“Now that I have seen, I am responsible. Faith without deeds is dead”

My life be like – Gritz
Made famous (surprisingly) by the Fast and the Furious Tokyo drift, this silky smooth rap track hits the spot. The first 20 seconds might be one of the catchiest intros ever.

“The joy of new birth, and the pain of growing up
The bliss between giving my all, and giving up”


After the storm – Mumford and Sons
This addresses our fragility, evokes eternity, and helps us look to a better future.

“And there will come a time, you’ll see, with no more tears.
And love will not break your heart, but dismiss your fears.
Get over your hill and see what you find there,
With grace in your heart and flowers in your hair”

Oceans – Hillsong
Although it pains me a bit to include a somewhat cliche church song, it’s a gorgeous, evocative song and now a standard at church services across the world. This acoustic version is a gem.

You call me out upon the waters. The great unknown, where feet may fail.
And there I find You in the mystery”

 

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This is not us. And it is us. Let’s dig deeper.

As-salaam Alaikum 

Our thoughts and prayers remain with the victims of this horrendous terrorist attack. We are only a week on, and the soul searching will continue. I share these thoughts only to deepen a conversation, and perhaps help us to realise that some of us are more together than we might think.

Jacinda’s “This is not us” slogan has polarized my left wing bubble at least. Everyone agrees it is well intended, but my facebook feed has been smothered with friends voicing both support and criticism.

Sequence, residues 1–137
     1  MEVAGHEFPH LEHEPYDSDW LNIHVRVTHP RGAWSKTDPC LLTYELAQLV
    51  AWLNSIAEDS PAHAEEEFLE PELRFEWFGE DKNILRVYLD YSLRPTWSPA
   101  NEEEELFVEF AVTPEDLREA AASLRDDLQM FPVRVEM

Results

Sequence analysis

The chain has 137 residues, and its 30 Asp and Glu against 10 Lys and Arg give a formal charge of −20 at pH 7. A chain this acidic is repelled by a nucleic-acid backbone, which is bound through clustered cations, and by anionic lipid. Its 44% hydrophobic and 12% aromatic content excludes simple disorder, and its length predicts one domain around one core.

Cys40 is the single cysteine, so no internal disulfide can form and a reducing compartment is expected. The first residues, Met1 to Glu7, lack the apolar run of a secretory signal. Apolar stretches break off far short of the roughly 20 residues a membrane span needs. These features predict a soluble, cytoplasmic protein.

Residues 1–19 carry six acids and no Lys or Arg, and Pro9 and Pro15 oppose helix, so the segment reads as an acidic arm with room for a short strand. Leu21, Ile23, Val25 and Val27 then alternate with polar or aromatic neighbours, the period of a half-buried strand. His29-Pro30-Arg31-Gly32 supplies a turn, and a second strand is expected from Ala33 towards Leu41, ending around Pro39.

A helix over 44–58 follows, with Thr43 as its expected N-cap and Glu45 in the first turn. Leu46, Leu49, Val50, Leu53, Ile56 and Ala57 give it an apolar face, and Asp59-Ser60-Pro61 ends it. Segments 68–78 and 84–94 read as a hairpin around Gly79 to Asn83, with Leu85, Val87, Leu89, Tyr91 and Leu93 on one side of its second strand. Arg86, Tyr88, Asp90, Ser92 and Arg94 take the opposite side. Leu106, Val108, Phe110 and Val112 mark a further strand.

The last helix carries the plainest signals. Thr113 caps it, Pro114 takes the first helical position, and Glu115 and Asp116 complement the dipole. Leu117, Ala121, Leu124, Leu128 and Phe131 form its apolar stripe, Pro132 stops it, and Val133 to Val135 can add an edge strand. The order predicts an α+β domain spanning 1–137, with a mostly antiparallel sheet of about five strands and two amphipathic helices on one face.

A number of people have criticised the slogan, including Maori leaders and many journalists. I think that whether the phrase rings true or not, depends on how we define two words. The “this” and the “us”. How we feel and think about “this is not us” perhaps reflects our thoughts, beliefs and agendas, more than than whether the statement itself is ‘true’ or ‘false’. I’m not sure it really can be true or false. Many people who have different interpretations of the statement, may actually agree on the same core truths. I’ve suggested two ways ‘this is not us’, and two ways ‘this is us’, which might take us a bit deeper into the issues that confront us as a people and a country in the wake of this tragedy.


This IS NOT us:
 

This: White supremacist Violence
Is not Us: Who we are as a country or a people